Monday, November 12, 2007

Modesty and Openness

I am sure that there are some people out there who have been following the discussion in which I have made the point that modesty is necessary even when discussing adult topics. As it seems that many have misunderstood my point of view, and feel that I am trying to 'police' other blogs, I will clarify my position here.

First of all, let me begin with the good. I think it is great that people want to know the halachik view of matters between husband and wife. It speaks of the holiness that an authentic Jewish life can engender, when bloggers ask important questions regarding intimacy within the framework of Jewish law. It happens far too often that both women and men, when meeting their 'marriage teachers' (חתן or כלה teachers), are too embarrassed (or too naiive) to ask detail-oriented questions. Teachers should be bringing up these issues if the prospective bride or groom do not mention them. All to often, tragically, these classes are the first and last exposure the couple has to a religious figure that invites them to ask anything they need. I believe that people require open relationships with honest, trustworthy clergy, so that questions can be posed and answered in a professional and private manner.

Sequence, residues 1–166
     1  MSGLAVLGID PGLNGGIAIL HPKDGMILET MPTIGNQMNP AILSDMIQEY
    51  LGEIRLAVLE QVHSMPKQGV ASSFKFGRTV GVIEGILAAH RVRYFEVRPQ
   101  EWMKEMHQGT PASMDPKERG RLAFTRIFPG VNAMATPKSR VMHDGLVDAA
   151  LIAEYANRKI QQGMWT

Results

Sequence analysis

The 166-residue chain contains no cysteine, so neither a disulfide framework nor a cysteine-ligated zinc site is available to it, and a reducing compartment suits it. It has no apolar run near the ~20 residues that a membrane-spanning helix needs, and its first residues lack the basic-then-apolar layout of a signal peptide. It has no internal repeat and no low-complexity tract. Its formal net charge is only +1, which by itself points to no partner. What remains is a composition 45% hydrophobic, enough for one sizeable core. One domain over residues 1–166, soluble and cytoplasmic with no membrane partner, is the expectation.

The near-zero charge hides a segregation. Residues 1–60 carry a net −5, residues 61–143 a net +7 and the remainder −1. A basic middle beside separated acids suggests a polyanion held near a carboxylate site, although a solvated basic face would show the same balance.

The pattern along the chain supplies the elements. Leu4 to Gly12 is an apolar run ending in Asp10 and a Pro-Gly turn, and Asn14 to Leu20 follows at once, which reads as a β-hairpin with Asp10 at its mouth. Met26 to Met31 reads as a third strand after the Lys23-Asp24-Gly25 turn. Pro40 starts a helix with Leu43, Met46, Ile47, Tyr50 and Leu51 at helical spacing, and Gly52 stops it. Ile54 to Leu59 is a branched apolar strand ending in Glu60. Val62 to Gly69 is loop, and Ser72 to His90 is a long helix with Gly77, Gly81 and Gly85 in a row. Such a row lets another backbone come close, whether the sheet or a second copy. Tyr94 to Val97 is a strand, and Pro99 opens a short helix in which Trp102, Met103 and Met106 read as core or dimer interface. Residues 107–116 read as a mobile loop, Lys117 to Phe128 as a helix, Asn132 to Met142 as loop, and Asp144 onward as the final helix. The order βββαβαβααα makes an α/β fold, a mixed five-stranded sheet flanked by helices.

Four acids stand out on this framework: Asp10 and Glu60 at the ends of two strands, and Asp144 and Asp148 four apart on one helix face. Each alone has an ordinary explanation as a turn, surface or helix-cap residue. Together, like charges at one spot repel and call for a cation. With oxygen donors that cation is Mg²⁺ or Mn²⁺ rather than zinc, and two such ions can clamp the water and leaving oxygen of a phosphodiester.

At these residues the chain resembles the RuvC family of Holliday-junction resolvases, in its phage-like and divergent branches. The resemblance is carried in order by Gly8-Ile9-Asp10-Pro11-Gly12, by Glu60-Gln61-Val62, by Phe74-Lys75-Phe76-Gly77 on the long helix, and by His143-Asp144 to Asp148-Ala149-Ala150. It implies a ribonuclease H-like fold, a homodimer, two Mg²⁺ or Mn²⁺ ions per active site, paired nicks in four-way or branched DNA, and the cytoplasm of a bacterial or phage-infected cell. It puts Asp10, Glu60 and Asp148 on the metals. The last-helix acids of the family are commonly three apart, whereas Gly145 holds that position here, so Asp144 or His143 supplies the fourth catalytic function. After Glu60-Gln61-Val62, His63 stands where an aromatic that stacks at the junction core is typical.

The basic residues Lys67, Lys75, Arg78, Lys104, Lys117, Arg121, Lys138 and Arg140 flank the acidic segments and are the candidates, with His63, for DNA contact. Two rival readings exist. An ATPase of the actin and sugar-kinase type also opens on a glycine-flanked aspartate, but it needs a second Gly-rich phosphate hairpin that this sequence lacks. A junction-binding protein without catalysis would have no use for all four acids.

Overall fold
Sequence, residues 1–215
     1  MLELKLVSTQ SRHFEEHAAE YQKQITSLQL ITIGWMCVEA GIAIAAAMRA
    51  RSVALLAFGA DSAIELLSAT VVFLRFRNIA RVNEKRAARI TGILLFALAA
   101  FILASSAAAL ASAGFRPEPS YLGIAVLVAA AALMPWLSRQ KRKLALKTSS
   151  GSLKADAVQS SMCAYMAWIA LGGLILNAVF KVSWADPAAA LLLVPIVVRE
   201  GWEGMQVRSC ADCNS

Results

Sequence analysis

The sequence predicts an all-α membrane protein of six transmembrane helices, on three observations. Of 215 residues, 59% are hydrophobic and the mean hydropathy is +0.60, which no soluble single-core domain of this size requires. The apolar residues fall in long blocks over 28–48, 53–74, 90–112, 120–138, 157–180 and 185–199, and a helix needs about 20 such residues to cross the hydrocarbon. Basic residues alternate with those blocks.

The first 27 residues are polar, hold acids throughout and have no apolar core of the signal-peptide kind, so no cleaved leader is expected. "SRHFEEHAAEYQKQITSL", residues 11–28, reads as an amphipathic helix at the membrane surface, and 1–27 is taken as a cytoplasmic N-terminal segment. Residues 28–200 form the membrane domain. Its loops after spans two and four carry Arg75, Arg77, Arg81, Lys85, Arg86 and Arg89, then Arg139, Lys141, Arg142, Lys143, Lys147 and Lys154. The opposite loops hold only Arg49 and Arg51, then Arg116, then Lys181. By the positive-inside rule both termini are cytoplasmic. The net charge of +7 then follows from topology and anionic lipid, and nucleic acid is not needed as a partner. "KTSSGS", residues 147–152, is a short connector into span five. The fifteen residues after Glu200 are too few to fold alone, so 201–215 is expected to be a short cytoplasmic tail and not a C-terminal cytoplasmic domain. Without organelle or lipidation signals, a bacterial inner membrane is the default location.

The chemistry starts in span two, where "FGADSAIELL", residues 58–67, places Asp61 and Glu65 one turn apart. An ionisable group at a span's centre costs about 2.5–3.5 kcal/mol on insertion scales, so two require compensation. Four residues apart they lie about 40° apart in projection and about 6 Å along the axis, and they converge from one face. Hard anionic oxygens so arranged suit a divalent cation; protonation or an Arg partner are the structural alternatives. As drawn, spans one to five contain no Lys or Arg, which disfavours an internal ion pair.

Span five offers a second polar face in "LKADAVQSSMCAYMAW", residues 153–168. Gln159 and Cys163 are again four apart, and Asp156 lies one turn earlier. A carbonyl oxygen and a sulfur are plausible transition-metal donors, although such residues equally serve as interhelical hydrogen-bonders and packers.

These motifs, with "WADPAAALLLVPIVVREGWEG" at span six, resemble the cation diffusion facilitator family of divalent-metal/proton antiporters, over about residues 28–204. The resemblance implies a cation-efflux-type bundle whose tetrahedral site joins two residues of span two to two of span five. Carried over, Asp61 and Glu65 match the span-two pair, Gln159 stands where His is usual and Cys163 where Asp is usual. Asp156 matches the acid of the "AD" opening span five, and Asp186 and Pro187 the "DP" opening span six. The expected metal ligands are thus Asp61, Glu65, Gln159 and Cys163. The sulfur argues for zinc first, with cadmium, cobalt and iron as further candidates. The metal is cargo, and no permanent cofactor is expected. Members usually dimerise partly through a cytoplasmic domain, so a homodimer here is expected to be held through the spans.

It is inevitable that many people will not be exposed to this kind of support system. In this day and age, people turn to the internet, and lately, blogs, to find answers and camaraderie in their quest for fulfilling relationships and lives. This is fine, and there are many sites where rabbis answer anonymous questions in a respectful and halachik way. (Without endorsing any, here are some links: askmoses, kippah, and shoresh.)

When we find out about the details of what is permitted, we fulfill our responsibility to build a healthy relationship with our spouse, while attending our duty to act within the framework of the Torah. However, the danger that lurks at the edges of this important exploration is that a public discussion of these issues, innocently begun with the best of intentions, can quickly degenerate into the presentation of salacious details for the voyeuristic excitement of the audience. This is what happened on one of the threads in the blogosphere, and it is the inherent danger of any public discussion of what traditionally was the most private of issues, discussed between man, woman and respected halachik authority.

The Shulchan Aruch (Even Haezer 21:1-15) and Yad Hachazaka (Hil. Issurei Biah 21) make it clear that experiences which cause a person improper thoughts for unacceptable reasons is against the law. We are a holy nation. When we learn about what is permitted and what is forbidden, we do it with seriousness. We do not do it in a forum where the discussion will turn into the lowest talk of pubs and beer-halls.

I applaud the desire to know more about how we treat intimacy in halacha. I think the internet can be a good source of information. However, everyone who takes part in such discussions is responsible to make sure that the information is in keeping with the halachik standards of tzniut, and cut off any wandering from the goal honest and serious study of issues between man and woman.

May we merit our Nation שוכן לשבטיו, with love and happiness in abundance, within the bounds of our holy Torah.